Google is introducing a small but important update to its Chrome browser, one designed to prevent consumers from being swindled by underhanded or unclear mobile subscription services. Some web pages invite visitors to input their mobile phone number in order to subscribe to some kind of service, such as a mobile game, but its not always clear how much they will be charged or even if that they are being charged at all. This is enabled by a service known as carrier billing, something that allows users to bypass more laborious subscription methods by having a fee charged directly to their mobile phone bill. It is actually an incredibly useful service for many things, as it removes much of the friction of paying for things online — and it also means you dont need to have a credit card on hand. But content or service providers capitalize on this ease by obfuscating key information from the sign-up process, such as costs and whether its a one-off or recurring fee. Example mobile subscription scamStarting from December 2018 with the launch of Chrome 71, Googles browser on mobile and desktop, as well as in Android WebView, will display a warning if it detects that there is insufficient mobile subscription information available to the user. We want to make sure Chrome users understand when they are going through a billing flow and trust that theyll be able to make informed decisions while browsing the web, Google wrote in a blog post announcing this update. Visitors will be given the option to proceed to a webpage, but by default the highlighted option is to return to the previous page. Chromes warningThe owner of the website is also sent a warning through the Google Search console that their mobile billing page needs improvement, and the webmaster can inform Google once it has made the necessary changes — if Google accepts their update, the warning is then removed. Every month, millions of Chrome users encounter pages with insufficient mobile subscription information, Google added. Surprising charges that come from unclear communication are a poor user experience. In short, if you actively seek subscriptions through mobile phone numbers on the web, you will need to be much clearer with the costs and billing structure before the user signs up. Otherwise, your website could be flagged with a warning. Chrome has a history of proactively warning visitors of potential dubious activity on certain websites. Google recently changed how it alerts users to a websites security, for example, as it now uses a red Not secure label on HTTP websites.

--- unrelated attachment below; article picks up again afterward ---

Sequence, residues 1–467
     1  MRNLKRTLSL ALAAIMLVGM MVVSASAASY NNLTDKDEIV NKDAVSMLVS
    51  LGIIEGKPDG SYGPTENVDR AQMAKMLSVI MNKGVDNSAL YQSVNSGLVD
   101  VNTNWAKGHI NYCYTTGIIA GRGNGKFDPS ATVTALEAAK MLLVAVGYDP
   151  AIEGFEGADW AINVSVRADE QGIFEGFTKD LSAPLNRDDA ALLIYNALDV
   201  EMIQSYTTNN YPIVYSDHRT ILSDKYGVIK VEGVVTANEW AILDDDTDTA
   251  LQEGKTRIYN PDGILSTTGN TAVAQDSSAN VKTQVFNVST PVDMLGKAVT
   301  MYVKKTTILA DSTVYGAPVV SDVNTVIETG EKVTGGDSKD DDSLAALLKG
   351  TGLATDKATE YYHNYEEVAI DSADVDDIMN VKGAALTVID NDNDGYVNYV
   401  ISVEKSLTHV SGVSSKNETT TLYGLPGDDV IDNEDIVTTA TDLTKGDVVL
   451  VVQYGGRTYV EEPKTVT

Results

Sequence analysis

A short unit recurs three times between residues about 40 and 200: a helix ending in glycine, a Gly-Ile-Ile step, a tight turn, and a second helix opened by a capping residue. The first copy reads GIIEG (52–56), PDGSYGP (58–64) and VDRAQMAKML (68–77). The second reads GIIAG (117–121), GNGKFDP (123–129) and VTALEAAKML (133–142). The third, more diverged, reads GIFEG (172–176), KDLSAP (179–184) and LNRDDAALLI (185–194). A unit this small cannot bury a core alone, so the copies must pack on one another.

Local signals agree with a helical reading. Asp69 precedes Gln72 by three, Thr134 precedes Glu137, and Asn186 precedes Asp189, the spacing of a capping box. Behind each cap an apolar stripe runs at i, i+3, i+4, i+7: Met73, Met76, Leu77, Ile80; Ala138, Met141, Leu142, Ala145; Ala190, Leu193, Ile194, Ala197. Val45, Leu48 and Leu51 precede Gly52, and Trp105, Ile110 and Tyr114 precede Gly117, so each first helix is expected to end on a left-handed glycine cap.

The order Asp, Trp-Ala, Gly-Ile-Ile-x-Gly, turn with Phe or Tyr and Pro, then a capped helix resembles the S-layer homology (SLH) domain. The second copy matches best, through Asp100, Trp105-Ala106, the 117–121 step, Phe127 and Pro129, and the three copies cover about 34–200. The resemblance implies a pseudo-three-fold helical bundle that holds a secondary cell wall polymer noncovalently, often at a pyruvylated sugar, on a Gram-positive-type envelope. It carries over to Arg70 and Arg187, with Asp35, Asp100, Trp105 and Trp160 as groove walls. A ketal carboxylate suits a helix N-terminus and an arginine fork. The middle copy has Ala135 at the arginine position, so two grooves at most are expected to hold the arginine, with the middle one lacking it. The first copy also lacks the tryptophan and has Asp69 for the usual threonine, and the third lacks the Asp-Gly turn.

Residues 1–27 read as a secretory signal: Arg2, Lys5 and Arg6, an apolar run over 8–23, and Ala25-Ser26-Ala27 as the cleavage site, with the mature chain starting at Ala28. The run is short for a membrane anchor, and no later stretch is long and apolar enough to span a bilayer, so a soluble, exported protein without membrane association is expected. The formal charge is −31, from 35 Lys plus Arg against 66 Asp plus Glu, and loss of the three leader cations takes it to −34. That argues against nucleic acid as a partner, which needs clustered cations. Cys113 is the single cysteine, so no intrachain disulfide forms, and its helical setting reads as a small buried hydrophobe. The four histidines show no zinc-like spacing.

Google today announced that Chrome will soon get a new feature that aims to stop mobile subscription scams. Those are the kind of sites that ask you for your phone number and that then, unbeknownst to you, sign you up for a mobile subscription thats billed through your carrier. Starting with the launch of Chrome 71 in December, Google will pop up a prominent warning when a site doesnt make it clear that users are signing up for a mobile subscription. To make sure that developers who are legitimately using this flow to offer users a subscription dont get caught up in this new system, Google also published a set of best practices for mobile billing today. Generally, developers are expected to make their billing information visible and obvious to users, display the actual cost and have a simple and straightforward fee structure. If that information is not available, Google will throw up a prominent full-page warning, but users can always opt to proceed. Before throwing up the warning page, Google will notify webmasters in the Search Console when it detects a potential scam (theres always a chance for false positives, after all). This new feature will be available on both mobile and desktop, as well as in Androids WebView.